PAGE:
In December 1901, Wilson applied from Ficksburg for a position in any concentration camp but specified that for private reasons, he did not want a medical appointment. He clearly hoped to secure an appointment as a camp superintendent because he makes a point of saying that he had had much experience in managing large numbers of emigrants in the service of various shipping lines. He was strictly temperate, in robust good health and could speak Dutch, Sesotho, French and German. Wilson was promptly offered a position as medical officer in the Bloemfontein camp, where a doctor was sorely needed, but when he indicated that he proposed bringing his family with him, the appointment was cancelled because the commandant of Ficksburg would not allow his pro-Boer wife to remain in Ficksburg if he was not there to keep an eye on her, while the military authorities in Bloemfontein would not allow her to live there either because they had "quite enough of this sort in town already".114

In the case of Paul Gillespie there is greater complexity because he was a Canadian, and therefore a British subject, as well as a naturalised burgher of the Free State who was well integrated into the Boer community. When the war broke out, Gillespie offered his services to the British high commissioner, but Milner declined them on the grounds that civilian doctors would not be needed to assist the RAMC.115 Gillespie then joined the Boer ambulance attached to the Boshof commando on the western front. He subsequently served in the Free State Ambulance near the Colesberg-Philippolis road bridge, but in January 1900 the increasing number of typhoid patients in the Boshof hospital prompted his return to that town.116 In March 1900, Gillespie was taken prisoner by the Boers and put over the Cape border for distributing Roberts's proclamation offering protection to burghers who surrendered. Margaret Marquard, wife of the local Dutch Reformed minister, was deeply distressed by this development, which, from her point of view, does not appear to have been entirely unexpected. "I hope he will be true [getrou = loyal]", she had written when he left for the front;117 now she lamented: "This of Dr G. has haunted me. Why did he meddle with these matters instead of sticking to Ambulance Work!"118 When Winburg fell, Gillespie returned to the town, took up practice under General Clements's Brigade and was later appointed district surgeon.119 In neat counterpoint to Margaret Marquard, the Intelligence Department reported that "he does not mix himself in any way with politics" and the provost marshal described him as "thoroughly loyal".120

 

Boer doctors in the concentration camps

Boer doctors who served as medical officers in various concentration camps demonstrate the ambiguities inherent in medical practice in a country at war. Their situation is encapsulated in the provost marshal's comment on Caleb Schnehage: "Pro-Boer in sentiment, he has worked for a long time as a doctor in the Refugee Camp and done his work very loyally to British interests."121 This patriotic motive is also evident in the case of Alfred Baumann, who apparently was asked by President Steyn himself to abandon his studies in ophthalmology in Europe in order to serve his people in the Bloemfontein camp.122 Van de Wall in the Kroonstad camp was described as "rabidly anti-British"123 and of Henry Becker in the Bloemfontein camp it was said that "he interested himself in politics considerably and is anti-British in the extreme".124 Yet these doctors did exemplary work and their services could not be dispensed with. By taking up appointment under the British authorities in the camps, where they endured endless frustrations, they could best serve their own people.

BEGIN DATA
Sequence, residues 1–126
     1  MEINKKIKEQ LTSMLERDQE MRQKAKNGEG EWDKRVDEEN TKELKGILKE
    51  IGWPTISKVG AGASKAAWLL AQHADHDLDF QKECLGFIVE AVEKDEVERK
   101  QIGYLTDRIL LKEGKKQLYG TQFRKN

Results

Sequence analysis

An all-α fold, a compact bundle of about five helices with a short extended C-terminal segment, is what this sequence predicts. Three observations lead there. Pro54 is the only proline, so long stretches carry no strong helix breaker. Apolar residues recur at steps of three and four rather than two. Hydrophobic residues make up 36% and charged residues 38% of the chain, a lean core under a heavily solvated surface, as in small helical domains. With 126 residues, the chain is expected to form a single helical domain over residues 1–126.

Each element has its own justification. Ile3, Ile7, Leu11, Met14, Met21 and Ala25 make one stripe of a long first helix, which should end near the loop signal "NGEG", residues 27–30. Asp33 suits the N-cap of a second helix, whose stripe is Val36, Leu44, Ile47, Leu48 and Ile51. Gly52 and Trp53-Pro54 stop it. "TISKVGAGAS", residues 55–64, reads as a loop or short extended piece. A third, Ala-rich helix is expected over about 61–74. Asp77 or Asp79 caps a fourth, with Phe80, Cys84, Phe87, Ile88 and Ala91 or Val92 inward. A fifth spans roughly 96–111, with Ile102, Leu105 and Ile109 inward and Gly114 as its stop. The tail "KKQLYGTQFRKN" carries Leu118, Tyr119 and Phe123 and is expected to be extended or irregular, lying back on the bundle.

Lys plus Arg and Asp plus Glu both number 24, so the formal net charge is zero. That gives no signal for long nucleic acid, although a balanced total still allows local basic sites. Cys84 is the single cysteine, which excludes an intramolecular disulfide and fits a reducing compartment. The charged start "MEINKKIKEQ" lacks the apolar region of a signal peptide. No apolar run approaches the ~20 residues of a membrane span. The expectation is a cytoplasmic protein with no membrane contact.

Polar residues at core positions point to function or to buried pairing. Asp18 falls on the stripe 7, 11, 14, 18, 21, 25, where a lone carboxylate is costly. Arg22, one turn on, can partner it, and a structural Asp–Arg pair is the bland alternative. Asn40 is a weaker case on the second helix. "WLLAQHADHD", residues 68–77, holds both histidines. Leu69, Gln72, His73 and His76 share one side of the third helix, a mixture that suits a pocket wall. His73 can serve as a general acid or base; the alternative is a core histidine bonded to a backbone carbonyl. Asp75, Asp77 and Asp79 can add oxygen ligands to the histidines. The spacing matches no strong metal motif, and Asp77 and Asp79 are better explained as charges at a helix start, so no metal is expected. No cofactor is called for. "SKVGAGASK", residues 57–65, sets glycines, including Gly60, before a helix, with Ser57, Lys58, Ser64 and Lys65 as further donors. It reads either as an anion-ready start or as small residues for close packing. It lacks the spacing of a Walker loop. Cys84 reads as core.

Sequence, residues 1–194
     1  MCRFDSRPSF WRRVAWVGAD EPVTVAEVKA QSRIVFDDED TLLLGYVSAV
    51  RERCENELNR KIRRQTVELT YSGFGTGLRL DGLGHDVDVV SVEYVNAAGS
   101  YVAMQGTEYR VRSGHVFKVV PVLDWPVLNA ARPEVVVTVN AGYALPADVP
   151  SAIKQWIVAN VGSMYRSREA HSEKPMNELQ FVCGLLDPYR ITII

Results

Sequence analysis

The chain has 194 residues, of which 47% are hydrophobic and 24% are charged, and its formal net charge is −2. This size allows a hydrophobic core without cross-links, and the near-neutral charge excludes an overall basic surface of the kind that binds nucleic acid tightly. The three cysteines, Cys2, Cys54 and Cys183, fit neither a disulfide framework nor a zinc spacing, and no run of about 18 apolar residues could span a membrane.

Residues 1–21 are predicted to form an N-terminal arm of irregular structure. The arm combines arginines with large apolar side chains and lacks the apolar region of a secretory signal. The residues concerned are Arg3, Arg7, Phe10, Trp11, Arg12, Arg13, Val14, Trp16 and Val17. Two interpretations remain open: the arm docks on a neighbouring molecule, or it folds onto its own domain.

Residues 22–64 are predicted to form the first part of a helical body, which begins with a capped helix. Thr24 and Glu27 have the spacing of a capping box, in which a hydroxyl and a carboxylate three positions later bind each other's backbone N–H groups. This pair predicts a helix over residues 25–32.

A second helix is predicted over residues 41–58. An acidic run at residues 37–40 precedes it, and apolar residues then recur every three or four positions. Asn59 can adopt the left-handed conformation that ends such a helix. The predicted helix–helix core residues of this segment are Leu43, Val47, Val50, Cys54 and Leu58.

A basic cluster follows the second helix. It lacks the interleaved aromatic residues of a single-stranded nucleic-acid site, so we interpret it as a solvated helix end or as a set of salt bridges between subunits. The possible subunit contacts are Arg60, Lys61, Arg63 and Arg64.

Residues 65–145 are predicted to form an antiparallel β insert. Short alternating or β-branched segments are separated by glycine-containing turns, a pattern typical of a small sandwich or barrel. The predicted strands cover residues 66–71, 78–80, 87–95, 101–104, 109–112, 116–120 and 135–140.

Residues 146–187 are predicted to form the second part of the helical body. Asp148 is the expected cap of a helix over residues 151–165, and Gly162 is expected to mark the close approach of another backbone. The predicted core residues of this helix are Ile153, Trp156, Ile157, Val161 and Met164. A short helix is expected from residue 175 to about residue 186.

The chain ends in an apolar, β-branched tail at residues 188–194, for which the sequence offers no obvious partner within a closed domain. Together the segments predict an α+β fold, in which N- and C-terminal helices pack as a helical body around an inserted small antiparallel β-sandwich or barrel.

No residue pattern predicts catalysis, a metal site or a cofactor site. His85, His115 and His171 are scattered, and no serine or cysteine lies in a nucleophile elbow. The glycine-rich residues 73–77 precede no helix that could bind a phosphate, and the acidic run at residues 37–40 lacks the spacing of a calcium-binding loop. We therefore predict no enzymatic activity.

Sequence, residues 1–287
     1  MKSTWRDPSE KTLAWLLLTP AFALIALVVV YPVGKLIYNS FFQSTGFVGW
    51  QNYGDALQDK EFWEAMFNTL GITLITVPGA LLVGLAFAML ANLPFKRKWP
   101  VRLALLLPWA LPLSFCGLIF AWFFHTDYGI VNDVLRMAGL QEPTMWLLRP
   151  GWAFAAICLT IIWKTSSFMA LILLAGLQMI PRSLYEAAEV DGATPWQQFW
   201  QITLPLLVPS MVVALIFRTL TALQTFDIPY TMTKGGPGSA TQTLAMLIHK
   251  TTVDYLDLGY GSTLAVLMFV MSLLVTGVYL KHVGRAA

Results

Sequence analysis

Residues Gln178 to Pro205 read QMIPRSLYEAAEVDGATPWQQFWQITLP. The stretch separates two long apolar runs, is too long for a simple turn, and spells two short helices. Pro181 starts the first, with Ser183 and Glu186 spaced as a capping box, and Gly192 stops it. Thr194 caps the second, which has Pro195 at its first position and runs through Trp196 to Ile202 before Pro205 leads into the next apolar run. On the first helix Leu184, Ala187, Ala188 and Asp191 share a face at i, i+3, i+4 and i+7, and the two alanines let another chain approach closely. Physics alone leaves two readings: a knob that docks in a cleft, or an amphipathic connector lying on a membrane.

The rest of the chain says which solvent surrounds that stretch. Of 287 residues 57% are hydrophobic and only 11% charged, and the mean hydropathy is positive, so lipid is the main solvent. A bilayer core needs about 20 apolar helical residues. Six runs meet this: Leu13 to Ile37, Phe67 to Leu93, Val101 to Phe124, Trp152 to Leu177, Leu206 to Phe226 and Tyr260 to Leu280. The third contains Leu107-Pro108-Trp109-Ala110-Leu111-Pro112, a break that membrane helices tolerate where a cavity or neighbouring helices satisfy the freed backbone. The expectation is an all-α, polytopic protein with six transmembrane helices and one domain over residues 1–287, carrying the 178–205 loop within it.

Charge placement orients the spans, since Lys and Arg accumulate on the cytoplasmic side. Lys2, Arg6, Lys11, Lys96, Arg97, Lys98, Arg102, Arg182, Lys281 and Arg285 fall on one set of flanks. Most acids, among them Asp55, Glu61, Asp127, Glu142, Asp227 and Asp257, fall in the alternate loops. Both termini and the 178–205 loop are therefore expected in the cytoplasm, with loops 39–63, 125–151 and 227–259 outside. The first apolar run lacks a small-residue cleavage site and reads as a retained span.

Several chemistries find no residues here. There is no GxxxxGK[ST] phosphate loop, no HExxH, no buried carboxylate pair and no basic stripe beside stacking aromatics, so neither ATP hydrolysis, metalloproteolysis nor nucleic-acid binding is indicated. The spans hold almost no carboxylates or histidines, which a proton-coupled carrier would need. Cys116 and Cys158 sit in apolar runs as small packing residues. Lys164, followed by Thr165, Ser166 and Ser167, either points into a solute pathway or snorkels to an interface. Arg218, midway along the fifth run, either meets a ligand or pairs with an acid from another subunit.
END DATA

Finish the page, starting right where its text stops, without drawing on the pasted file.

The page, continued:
Stowell Kessler points out that the British army medical service had the knowledge, equipment and technology to reduce the death rate in the camps and, as these camps were situated along the railway, they could have met the needs of the camps more adequately.125 However, the army and the railways administration had other priorities. Kitchener's systematic application of the scorched earth policy involved the removal of thousands of civilians from their homes to the camps, and the primary function of the railways, now called the Imperial Military Railways, was to keep his army supplied, leaving the camps with acute shortages.126

Orderly administration of the camps was rendered impossible by the vast number of people brought in. Camp doctors warned of the consequences of "the indiscriminate massing together of people of all sorts from different parts of the Colony in a large camp, whereby no doubt contagion is bound to assert itself",127 but the troops kept bringing people to already overcrowded camps and moving them around without any prior notification. On 9 August 1901, 3 000 arrived at the Brandfort camp with only 25 tents available to accommodate them.128 In the Winburg camp, the problem of overcrowding became a serious one as early as April 1901 when 250 people were brought in who had to be accommodated in the church.129Between June and October, the camp doubled in size - from 1 506 to 3 178. In August, the medical officers had warned that the camp was beginning to be overcrowded.130At the end of that month, 720 people were transferred from Bloemfontein, when Winburg could only accommodate 250 and they brought measles and whooping cough with them.131 In January 1902 the military authorities deposited no fewer than a hundred unfortunate people at the Winburg camp without any prior notification.132In February 1902, with people still being brought in by the troops133 - despite Kitchener's order to the contrary - the possibility of demolishing an adjacent rifle range in order to allow for expansion westwards was raised, but the commandant, Colonel Crosbie, was adamant that it was impossible to relinquish it.134